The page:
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This last week has been nothing short of embarrassing for the UNC administration. The University’s reopening plan has been plastered as an example for other institutions planning on returning students to campus this month, and has received intense scrutiny from journalists, public health leaders and government officials across the nation. Here’s a look at just a few of the things that went wrong — and some of the changes that need to be made if there’s any hope of students returning to campus next semester:
The quickly-approaching future for college football this season is grim. Programs nationwide are debating how and whether to move forward, and on Tuesday, the Big Ten and Pac-12 officially postponed their seasons. Given the current state of the virus, hosting stadium games — which would result in players and staff traveling across states and fans congregating to watch their teams — seems like an obvious no-go.
In theory, starting the semester early to keep students from leaving campus for extended breaks may have been a good idea. However, the fact that decision-making regarding COVID-19 protocols has been rushed in the last several weeks to prepare for reopening is extremely detrimental to the well-being of students, staff and faculty at UNC.
Two deadly viruses are killing Americans: COVID-19 and racism. And when combined, they culminate in even more dangerous health outcomes for Black communities across America.
In light of the coronavirus pandemic, UNC announced last month it would offer emergency grading accommodations to its undergraduate students. These accommodations allow students to pass-fail courses and still count those credits towards major and minor continuation and graduation requirements. In addition, the University has also designated a 'CV' grade — similar to an incomplete grade — allowing students in difficult situations additional time to complete coursework.
Science has always played a role in politics. It drives decision-making around climate change, health care funding and, as of late, how to handle a pandemic. The current administration has repeatedly argued that "nobody" could have predicted the virus, claiming COVID-19 was basically unprecedented — but it simply isn’t true.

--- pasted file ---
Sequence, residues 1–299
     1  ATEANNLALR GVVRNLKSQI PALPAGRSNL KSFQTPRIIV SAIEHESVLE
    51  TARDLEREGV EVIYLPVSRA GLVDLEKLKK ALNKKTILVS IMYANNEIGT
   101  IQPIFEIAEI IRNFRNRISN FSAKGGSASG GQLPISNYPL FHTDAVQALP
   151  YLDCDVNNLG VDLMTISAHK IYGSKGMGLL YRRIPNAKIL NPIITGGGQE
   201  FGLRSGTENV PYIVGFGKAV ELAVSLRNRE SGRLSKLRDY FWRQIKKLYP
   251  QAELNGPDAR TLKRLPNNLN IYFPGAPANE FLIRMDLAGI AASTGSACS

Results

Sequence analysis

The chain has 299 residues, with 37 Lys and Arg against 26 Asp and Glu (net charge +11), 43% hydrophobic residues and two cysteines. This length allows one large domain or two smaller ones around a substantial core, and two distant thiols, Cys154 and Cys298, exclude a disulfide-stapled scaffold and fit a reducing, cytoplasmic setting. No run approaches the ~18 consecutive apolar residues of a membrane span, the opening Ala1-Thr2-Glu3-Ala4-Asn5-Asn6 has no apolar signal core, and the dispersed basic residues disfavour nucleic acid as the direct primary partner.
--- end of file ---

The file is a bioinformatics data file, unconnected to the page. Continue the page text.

The coronavirus, otherwise known as COVID-19, has dramatically transformed the lives of people around the globe. It has decimated economies, overwhelmed health care systems and affected families in unimaginable ways. However, in spite of the havoc that it has caused, COVID-19 has furthered our understanding of pandemic control beyond anything that we've known before. Most importantly, it has proven the resilience of the scientific and healthcare communities.
A chain is only as strong as its weakest link. If the coronavirus has proven anything, it has been exactly that. The virus, known as COVID-19, has revealed flaws in almost every bureaucratic system in the United States: in legislative and governmental decisions, in healthcare proceedings and in how public health officials have handled the pandemic.
Have you ever had a professor who was clearly intelligent, but completely clueless when it came to teaching? And even if you turned in the worst course evaluation, they would be protected by tenure? The current academic system allows for scientists and professors to remain as inadequate lecturers and instructors at prestigious universities, as long as they continue to produce high-quality research for the institution.
When someone mentions sports in North Carolina, many people immediately think of the Carolina Panthers, or the infamous UNC and Duke basketball rivalry.
The internet is infamous for its ability to spread information quickly and effectively across a wide range of populations. However, this exact ability allows for false information to proliferate in the news, journalism and different communities just as quickly.
Last week, the editorial board made the blanket statement that the chance of one of us catching coronavirus was close to zero. By the grace of Murphy’s law, news of a suspected case in Raleigh was released later that day. So ... that’ll be the last time I make a statement like that again.
The year 2019 was one of the most groundbreaking years of science yet: from imaging the first black hole to Google achieving quantum supremacy to the advancement of personalized genomics into a commercialized, at-home testing kit. If 2019 was any indication of the way science is advancing, it’s likely difficult to predict anything for the upcoming year.
Rajee Ganesan offers her viewpoint on whether to expand the college football playoffs. For Ryan Smoot's dissenting opinion, click here.
There are plenty of conspiracy theories that can become believable if you stay on the internet long enough, but vaccinations causing autism isn’t one of them.